Last week, I wrote about how current affairs and catastrophes in this world -outside our ability to predict or comprehend - suggest to some that we surrender all pretense of control and turn to things of the spirit - those things that change not despite the contractions and contortions of the world: love, truth, compassion, care and forgiveness.
Pat Conroy's latest book is one of my favorites. It's entitled "My Reading Life," and in 15 chapters, he recounts all of those individuals, starting with his mother, and teachers of one sort or another who taught him the love of language, the power in words and the ability of books to change lives. Those lessons have defined and driven his life.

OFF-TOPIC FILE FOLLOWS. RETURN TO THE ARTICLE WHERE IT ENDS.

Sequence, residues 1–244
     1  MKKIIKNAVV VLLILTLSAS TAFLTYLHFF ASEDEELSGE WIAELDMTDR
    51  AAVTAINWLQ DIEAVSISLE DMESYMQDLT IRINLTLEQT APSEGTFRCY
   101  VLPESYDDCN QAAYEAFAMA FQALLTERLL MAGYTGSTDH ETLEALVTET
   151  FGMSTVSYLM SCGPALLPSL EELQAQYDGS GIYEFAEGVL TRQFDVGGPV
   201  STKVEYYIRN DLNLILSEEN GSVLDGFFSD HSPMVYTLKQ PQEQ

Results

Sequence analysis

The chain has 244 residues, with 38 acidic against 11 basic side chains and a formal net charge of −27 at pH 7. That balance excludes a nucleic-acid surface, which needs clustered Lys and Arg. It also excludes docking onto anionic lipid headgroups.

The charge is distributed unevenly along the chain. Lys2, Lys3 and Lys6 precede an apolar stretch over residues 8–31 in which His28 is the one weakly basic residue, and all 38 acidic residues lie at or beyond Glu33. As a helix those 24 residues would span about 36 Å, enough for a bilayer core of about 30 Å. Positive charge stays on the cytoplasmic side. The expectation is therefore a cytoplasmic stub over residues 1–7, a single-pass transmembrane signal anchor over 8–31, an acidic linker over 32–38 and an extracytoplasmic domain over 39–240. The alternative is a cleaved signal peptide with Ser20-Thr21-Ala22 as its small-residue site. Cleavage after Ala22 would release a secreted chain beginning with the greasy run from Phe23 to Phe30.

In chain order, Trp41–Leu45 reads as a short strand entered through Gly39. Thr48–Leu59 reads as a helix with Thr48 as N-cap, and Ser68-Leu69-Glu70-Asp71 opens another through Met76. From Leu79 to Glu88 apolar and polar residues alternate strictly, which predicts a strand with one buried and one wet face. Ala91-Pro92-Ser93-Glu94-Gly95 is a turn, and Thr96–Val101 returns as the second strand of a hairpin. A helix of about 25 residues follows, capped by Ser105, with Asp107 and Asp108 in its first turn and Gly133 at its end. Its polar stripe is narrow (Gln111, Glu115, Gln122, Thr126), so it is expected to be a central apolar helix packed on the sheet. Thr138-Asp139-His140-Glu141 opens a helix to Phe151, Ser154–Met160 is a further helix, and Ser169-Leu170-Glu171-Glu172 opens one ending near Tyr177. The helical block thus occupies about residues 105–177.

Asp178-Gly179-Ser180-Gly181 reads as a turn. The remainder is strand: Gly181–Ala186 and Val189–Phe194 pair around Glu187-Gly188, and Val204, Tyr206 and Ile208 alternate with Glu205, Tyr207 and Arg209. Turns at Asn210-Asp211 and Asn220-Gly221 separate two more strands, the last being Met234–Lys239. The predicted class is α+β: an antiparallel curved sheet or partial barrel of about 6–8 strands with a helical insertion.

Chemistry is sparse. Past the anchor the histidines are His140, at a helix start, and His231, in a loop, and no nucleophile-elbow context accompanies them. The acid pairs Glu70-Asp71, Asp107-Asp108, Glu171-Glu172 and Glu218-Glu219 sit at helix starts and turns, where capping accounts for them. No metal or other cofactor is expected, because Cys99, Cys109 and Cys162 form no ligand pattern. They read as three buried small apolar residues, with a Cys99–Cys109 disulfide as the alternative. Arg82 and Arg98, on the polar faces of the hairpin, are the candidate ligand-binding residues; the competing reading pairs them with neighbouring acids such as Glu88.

Most everybody around here knows 95-year-old Charlie King, and if you don't know him personally, you've at least heard of Newton County's amiable historian emeritus. Oh, the tales he can tell about almost anyone and everything that's gone on in town since he was born here in 1915.
The maddening goings-on in Congress are often blamed on "Inside the Beltway" thinking, meaning people who live and work inside the road that encircles Washington are out of touch with the rest of America.
If you're really into organization, if you're really into time management, if you really believe that "to everything there is a time and a season," then your Christmas decorations are back in storage in the attic, the Christmas tree has been tagged for the chipper, thank-you notes have been written, and the refrigerator is sparkling and clean, nary a leftover to be found.